Nuclear Waste Stalemate in US

By Kim Smiley

America’s 104 commercial nuclear reactors produce about 2,000 metric tons of spent nuclear fuel each year.  The United States currently has no long term solution in place to deal with spent nuclear fuel.  The end result of this stalemate is that that there is more than 75,000 tons of spent nuclear fuel at 122 temporary sites in 39 states with nowhere to go.

Much of the nation’s spent fuel is currently stored in pools near operating nuclear reactors or near sites where reactors once were. Recent events at the Fukushima nuclear plant in Japan have sparked discussion about the potential safety risk of having so much fuel stored near operating reactors creating a situation where one single event can trigger a larger release of radiation.  To make things more complicated, storage pools at US plants are more heavily loaded than the ones at the Fukushima reactors.  Additionally, the pools will reach capacity at some point in the not so distant future and the fuel will have to be moved if the US plans to continue operating nuclear reactors.

How did we get in this situation?  The problem of no long term solution for spent nuclear fuel can be analyzed by building a Cause Map.  A Cause Map is a visual root cause analysis that lays out the causes that contribute to a problem in an intuitive, easy to understand format. Click on “Download PDF” above to view a high level Cause Map of this issue.

Looking at the Cause Map, it’s apparent one of the causes of this problem is that the plan for the Yucca Mountain Nuclear Waste Repository was canceled without an alternative plan being created.  Yucca Mountain Repository was planned to be a deep geological repository where nuclear waste would be stored indefinitely, shielded and packaged to prevent any release of radiation.  The Yucca Mountain Repository was canceled in 2009 for a number of reasons, some technological and some political.  Environmentalists and residents near the planned site were very vocal about their opposition to the selection of Yucca Mountain site for the nation’s repository.

A Blue Ribbon Commission of experts appointed by President Obama recently presented their recommendations of how to approach this problem.  Their proposal was to develop one or more sites where spent reactor fuel could be stored in above ground steel and concrete structures.  These structures could contain fuel for decades, allowing time for a more permanent solution to be developed.  These structures would not require any cooling beyond simple circulation of air and they could be stored at locations deemed safe, with the lowest risk of earthquakes and other disasters.  Hopefully the recommendations by the commission are the first step to solving this problem and developing a safe long term storage solution to the nation’s nuclear waste.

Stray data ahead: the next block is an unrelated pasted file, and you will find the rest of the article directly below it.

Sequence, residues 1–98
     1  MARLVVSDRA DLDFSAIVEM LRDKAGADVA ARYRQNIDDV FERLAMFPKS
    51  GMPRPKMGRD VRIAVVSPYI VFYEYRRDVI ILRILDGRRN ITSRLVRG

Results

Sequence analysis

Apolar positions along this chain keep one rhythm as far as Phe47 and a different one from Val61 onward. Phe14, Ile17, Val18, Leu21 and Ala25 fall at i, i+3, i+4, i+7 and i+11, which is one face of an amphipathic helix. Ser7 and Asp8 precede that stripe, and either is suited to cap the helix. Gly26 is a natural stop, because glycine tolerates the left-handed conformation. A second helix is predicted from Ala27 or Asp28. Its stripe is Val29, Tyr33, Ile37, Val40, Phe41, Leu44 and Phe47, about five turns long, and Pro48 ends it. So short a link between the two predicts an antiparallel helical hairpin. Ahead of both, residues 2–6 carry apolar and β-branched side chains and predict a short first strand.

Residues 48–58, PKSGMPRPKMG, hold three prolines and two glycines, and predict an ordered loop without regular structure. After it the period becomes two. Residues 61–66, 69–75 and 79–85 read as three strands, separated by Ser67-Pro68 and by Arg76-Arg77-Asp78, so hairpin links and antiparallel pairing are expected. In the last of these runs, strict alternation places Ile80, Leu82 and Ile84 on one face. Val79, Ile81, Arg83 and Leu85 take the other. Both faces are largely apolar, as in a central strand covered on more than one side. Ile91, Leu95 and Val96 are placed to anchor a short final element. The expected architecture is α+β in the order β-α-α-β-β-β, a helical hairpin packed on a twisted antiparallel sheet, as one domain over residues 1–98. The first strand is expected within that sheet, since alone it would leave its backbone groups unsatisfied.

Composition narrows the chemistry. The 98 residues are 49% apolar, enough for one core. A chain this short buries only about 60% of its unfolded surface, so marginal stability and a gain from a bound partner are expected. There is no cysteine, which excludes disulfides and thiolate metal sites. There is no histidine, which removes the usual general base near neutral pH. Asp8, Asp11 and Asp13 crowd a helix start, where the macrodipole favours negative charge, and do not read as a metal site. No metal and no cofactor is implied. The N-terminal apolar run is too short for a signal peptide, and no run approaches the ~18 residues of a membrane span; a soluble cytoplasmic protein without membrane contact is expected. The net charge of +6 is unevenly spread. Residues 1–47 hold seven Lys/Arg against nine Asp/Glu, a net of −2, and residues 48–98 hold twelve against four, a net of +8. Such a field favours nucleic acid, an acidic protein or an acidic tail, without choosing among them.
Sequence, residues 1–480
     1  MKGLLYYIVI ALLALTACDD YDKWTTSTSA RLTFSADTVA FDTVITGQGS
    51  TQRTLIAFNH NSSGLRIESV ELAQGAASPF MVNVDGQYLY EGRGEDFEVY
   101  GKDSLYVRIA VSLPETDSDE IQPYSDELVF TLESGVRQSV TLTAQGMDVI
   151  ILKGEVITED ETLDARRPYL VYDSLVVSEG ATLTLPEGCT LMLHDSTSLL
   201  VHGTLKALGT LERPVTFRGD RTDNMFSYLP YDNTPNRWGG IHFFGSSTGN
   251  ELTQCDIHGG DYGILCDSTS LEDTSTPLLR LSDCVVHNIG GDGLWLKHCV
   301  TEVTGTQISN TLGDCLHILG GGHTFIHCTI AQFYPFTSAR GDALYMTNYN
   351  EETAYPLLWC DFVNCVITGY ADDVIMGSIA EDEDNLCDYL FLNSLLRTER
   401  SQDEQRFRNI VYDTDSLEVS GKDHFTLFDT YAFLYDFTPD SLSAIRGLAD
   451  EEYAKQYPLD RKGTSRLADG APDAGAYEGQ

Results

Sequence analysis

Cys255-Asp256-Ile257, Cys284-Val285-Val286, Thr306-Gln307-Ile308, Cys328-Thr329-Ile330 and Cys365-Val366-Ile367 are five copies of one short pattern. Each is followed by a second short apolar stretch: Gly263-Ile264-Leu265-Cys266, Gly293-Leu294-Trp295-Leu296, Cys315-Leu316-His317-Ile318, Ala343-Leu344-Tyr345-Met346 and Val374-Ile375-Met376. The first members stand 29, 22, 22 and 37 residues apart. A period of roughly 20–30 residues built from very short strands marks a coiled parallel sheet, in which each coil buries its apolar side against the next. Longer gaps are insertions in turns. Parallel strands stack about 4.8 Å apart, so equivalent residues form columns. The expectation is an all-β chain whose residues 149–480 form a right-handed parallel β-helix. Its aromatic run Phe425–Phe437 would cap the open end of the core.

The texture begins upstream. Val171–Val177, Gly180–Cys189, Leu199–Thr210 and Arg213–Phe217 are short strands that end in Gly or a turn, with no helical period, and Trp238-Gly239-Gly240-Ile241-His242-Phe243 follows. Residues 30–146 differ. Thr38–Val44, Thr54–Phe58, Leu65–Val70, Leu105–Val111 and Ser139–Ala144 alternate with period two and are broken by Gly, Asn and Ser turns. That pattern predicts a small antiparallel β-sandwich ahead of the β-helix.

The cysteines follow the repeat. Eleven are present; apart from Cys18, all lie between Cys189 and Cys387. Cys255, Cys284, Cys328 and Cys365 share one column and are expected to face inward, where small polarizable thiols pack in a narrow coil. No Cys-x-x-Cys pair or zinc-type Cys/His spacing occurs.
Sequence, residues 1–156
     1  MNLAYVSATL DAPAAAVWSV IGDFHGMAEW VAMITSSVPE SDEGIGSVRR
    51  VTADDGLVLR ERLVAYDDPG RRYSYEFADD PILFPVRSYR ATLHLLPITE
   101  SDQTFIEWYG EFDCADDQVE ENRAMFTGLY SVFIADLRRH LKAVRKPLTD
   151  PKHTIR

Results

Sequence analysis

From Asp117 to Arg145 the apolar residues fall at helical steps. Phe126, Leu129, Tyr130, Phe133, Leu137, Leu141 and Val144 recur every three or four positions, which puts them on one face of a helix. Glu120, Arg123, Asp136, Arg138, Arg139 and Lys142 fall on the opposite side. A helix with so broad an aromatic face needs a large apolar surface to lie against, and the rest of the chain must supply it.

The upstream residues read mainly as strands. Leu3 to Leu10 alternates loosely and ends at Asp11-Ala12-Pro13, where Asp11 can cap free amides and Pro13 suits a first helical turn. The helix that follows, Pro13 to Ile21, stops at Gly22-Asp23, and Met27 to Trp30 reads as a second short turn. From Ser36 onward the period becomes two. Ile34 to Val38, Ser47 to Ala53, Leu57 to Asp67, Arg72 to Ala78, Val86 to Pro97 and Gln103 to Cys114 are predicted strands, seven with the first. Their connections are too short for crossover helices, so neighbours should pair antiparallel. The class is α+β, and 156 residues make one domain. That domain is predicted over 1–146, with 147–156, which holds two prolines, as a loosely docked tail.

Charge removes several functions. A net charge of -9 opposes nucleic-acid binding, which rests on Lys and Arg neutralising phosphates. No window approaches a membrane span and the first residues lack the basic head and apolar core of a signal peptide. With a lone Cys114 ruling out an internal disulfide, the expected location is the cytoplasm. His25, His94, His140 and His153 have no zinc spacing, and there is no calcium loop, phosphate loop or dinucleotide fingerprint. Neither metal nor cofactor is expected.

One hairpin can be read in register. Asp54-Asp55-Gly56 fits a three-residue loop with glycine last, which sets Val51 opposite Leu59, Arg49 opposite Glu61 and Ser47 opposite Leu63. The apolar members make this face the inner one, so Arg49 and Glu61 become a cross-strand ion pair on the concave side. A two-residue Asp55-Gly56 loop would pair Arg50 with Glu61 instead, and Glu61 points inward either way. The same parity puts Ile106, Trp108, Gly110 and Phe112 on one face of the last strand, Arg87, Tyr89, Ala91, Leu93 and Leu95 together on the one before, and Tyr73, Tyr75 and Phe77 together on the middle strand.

2 thoughts on “Nuclear Waste Stalemate in US”

  1. Your RCA is significantly flawed… You’ve left out the major contributing facts that the operating nuclear plants were originally designed to hold 3 or 4 full reactor cores worth of spent fuel assemblies until Jimmy Carter killed reprocessing and forced the nuclear industry to keep all of its spent fuel in the pools.

    Having less spent fuel in the spent fuel pools is definitely safer and would allow the spent fuel assemblies to be spread out, thus reducing the heat load in the spent fuel pools. This alone would greatly reduce the probability of overheating spent fuel in the unlikely events of Japan and the loss of spent fuel pool cooling water.

    Therefore, Jimmy Carter caused the chain of events that drove the need for Yucca Mountain and now another democratic President (and democratic Senate Majority Leader) is blocking the fix for what Carter did to the industry.

    Further, the NRC and DOE have raised any technical issues with the License Applciation for the Yucca Mountain Repository. The project stoppage has been purely a political decision.

  2. Sorry, that should be: …the NRC and DOE have NOT raised any technical issues with the License Applciation for the Yucca Mountain Repository

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